Two Black Jewish Americans Reportedly Denied Entry to Israel

Send in e-mailSend in e-mail
Send in e-mailSend in e-mail
The Black Hebrews community in Dimona.Credit: Eliyahu Hershkovitz

Two Jewish Americans were denied entry to Israel in June, after being held at Ben-Gurion International Airport for almost 48 hours, the Jerusalem Post reported Monday.

Jewish convert Idit Malka from Cape Coral, Florida, arrived in Israel on June 12 with her 10-year-old son Kahxin to visit family here and attend her sister's wedding, the report said. But according to the Jerusalem Post, the Population, Immigration and Border Authority turned them away due to suspicions she belongs to the Black Hebrew community and was planning to stay in Israel instead of leaving on her August 20 return flight.

Malka's family moved to Israel when she was a child and belonged to the Black Hebrew community, the report said, but Malka left for the United States after she separated from the community at age 13 due to ideological differences.  

In 1995, she underwent a Reform conversion to Judaism and in 2004 a Conservative conversion. Two years later, she moved to Israel and applied for citizenship, but as a result of what the Jerusalem Post called a "bureaucratic tangle that lasted four years," she and her children returned to the United States. That was in 2010. Her visit this June was the first time since then that she has tried to reenter the country.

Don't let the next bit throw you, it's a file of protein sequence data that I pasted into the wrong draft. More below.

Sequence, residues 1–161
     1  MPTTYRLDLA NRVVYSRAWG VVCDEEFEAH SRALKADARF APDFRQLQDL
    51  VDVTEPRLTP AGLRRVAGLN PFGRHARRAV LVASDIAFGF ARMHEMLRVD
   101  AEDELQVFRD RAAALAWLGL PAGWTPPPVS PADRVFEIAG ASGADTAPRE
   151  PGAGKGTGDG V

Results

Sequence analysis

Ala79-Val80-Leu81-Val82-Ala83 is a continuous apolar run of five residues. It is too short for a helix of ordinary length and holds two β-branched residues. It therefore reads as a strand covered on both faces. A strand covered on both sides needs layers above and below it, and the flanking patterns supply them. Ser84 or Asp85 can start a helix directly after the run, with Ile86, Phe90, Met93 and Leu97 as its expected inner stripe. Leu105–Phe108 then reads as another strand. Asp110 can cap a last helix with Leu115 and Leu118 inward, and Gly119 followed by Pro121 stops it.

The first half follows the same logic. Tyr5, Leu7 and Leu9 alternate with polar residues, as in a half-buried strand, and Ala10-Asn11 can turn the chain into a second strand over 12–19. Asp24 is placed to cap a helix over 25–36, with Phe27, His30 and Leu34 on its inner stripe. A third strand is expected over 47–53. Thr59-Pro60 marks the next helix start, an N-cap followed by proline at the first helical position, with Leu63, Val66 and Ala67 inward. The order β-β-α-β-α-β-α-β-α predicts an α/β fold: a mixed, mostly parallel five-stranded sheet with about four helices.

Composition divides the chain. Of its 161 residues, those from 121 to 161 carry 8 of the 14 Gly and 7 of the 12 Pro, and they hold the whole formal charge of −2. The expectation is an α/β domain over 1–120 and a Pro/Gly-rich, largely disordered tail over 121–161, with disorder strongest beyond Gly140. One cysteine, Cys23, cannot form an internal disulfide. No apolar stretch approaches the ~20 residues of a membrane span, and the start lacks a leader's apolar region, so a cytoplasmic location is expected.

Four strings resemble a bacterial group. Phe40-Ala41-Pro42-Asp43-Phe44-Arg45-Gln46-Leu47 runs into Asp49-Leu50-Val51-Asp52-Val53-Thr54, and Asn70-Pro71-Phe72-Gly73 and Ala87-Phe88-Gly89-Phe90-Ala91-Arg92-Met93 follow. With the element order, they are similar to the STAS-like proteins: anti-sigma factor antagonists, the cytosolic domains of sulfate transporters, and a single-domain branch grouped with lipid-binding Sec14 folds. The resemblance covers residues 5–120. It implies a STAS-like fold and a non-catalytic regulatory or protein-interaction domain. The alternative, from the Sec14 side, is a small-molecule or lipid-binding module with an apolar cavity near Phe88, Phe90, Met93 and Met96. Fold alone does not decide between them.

Upon being detained at Ben-Gurion, Malka contacted one of her brothers who arranged an appeal to an on-call judge, the report said. "The judge ruled to uphold the denial of entry, and she and her son were put on a return flight to Florida."

"If she had requested permission to come to Israel ahead of time, she would have been rejected and she could have prevented this from the beginning," Sabine Hadad, spokesman for the Population, Immigration and Border Authority, told the Jerusalem Post.

The Black Hebrew Israelites are a community of African Americans in Dimona, most of them originally from Chicago, who maintain they are descendants of the Tribe of Judah but are not recognized as Jews by the state.

In recent years, African-American converts have come under intense scrutiny by Interior Ministry officials. The ministry appears to be concerned that they may be using their conversion as a way to get status in Israel in order to join the Black Hebrews in Dimona.

Click the alert icon to follow topics: